a walking freckle. Not that there's anything wrong with that. Because there is nothing wrong with that. What is wrong is the fact that I'm the poster child for wearing sunscreen and staying out of the sun's rays.
Blonde hair? Check.
Blue eyes? Double check.
Fair skin that freckles easily and a family history of cancer and melanoma? Pardon me while I check the living daylights out of this question.
Knowing that I'm already in danger of being harmed by the sun's rays has made me realize how important it is to stay out of the sun and to slather myself with sunscreen. I wasn't always this conscious, though. Not by a long shot.
In high school, I would frequent the local tanning salon and bake myself bi-weekly at 15 minute intervals. I did the same in college. I hit up the tanning bed and my backyard before my wedding day. No one likes a pasty bride in a white dress, right? Riiiight.
Despite my affinity for sun bathing, I always made my way to the dermatologist for my annual body check. Each freckle was observed and inspected and most of the time a few were removed for closer inspection. To date, I have had over 10 removed. Most left scars. I have the proof on my neck, arms, legs and back. I even had a large chunk removed on my back that required stitches. That was the last straw. Why would I continue to worry so much about the color of my skin when what I was doing caused myself to lose pieces of it?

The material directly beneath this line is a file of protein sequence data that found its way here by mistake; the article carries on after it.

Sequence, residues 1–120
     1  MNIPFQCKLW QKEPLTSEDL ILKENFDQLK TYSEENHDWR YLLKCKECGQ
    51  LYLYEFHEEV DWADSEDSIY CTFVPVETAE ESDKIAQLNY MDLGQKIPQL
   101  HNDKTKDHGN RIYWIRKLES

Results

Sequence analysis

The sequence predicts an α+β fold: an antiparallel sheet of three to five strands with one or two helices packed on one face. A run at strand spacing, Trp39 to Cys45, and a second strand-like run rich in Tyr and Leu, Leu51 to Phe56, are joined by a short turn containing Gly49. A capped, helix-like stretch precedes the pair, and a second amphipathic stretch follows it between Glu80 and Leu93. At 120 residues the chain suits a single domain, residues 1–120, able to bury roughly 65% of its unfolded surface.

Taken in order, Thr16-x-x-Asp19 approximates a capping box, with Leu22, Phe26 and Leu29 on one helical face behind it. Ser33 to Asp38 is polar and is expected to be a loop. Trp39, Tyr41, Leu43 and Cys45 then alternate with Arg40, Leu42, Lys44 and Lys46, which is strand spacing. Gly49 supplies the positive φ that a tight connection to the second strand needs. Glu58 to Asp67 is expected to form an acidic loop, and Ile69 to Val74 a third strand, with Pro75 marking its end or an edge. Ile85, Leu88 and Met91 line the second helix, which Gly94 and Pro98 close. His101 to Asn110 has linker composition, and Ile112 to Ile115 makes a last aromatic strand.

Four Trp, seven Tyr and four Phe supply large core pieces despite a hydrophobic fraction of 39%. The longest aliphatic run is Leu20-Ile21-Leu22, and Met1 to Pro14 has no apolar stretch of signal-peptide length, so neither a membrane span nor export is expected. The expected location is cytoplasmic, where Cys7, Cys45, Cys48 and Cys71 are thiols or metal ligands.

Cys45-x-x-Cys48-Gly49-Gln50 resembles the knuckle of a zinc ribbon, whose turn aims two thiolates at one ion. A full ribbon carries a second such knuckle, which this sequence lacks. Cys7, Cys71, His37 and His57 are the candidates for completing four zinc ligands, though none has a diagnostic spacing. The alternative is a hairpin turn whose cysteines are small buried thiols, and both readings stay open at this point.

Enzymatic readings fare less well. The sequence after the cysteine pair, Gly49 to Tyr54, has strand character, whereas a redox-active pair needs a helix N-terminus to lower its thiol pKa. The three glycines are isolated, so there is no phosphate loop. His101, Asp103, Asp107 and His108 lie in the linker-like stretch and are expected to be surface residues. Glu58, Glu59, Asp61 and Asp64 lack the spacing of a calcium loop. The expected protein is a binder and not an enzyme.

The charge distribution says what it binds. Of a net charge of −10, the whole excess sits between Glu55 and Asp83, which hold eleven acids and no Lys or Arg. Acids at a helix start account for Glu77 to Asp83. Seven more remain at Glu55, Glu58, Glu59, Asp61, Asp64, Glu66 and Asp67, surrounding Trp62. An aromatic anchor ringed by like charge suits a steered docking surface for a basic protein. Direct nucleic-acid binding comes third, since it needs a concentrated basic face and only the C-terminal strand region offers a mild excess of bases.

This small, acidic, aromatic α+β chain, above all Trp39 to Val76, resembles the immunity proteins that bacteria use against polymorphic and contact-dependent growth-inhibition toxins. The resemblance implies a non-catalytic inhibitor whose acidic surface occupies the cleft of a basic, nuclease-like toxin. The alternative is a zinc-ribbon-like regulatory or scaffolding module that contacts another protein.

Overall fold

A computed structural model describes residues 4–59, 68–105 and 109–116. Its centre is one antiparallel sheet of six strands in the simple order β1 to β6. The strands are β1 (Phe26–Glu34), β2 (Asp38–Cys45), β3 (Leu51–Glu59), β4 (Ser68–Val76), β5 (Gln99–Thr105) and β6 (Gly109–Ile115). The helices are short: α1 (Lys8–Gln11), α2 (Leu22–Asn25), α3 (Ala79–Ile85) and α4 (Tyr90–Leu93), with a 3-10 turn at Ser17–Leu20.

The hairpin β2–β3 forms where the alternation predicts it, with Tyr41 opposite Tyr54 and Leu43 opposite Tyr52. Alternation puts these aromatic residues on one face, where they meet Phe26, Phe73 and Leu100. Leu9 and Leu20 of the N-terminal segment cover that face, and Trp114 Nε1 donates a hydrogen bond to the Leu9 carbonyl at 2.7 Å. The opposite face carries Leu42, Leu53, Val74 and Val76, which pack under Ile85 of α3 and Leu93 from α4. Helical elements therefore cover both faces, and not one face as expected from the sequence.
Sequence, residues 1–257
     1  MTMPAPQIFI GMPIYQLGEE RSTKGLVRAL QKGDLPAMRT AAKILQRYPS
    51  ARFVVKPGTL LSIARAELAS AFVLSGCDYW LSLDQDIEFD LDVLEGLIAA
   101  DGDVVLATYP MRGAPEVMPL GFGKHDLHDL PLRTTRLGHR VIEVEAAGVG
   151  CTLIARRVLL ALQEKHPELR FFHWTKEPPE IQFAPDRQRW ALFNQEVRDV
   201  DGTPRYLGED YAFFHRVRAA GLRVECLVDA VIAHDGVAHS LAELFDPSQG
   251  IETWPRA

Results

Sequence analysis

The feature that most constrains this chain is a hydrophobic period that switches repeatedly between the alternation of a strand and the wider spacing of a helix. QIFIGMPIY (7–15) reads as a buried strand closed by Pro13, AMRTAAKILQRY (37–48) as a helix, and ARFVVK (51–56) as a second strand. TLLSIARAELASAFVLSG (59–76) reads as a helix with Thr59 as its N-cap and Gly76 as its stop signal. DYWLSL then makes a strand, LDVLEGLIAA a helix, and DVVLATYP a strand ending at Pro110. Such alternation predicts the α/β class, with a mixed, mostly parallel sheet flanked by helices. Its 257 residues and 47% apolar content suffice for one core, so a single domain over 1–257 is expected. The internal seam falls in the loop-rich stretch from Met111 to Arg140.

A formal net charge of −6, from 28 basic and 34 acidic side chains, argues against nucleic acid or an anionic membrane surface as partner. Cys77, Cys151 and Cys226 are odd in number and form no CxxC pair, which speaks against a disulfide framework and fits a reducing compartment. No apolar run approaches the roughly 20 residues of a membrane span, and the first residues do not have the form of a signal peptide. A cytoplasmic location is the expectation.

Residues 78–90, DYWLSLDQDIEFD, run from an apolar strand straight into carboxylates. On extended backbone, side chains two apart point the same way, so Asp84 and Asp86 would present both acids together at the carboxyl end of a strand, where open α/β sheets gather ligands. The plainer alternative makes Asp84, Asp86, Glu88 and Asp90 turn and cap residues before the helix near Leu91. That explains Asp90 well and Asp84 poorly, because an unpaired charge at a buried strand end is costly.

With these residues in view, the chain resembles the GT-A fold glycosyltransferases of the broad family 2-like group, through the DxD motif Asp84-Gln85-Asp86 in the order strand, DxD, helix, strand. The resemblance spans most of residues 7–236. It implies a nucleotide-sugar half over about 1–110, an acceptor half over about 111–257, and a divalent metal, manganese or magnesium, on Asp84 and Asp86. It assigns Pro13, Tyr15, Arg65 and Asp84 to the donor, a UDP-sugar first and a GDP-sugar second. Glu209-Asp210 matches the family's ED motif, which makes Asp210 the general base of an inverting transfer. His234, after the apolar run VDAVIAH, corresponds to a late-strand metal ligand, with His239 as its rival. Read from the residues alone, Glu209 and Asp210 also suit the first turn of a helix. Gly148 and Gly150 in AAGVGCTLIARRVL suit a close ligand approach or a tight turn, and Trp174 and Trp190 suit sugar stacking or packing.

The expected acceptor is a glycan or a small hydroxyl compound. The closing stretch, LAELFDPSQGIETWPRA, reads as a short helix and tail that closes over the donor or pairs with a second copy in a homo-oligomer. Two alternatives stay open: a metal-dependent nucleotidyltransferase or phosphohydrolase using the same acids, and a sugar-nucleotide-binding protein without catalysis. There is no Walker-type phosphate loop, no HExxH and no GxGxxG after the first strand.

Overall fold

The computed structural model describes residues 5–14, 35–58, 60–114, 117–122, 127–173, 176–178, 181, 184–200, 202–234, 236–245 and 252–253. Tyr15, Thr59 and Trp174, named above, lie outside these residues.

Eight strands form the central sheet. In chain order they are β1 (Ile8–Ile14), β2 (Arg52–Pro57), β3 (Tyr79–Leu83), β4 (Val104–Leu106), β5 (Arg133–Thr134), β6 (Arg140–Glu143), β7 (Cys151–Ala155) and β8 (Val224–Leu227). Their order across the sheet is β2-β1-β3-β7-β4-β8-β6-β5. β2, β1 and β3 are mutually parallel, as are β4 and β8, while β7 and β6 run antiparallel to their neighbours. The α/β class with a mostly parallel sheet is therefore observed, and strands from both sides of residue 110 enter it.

Don't get me wrong, I think having a tan is nice and makes every outfit look better, but it's just not worth it anymore. I wear sunscreen on my face every single day without fail; it's just that important. If nothing else, I'd like to avoid looking like a hot wrinkly mess by age 35.
When I am in the sun, I wear rediculous things like hats and SPF 90. You know, the sunscreen that's made for people who happen to be vacationing on the surface of the sun for spring break. Partay!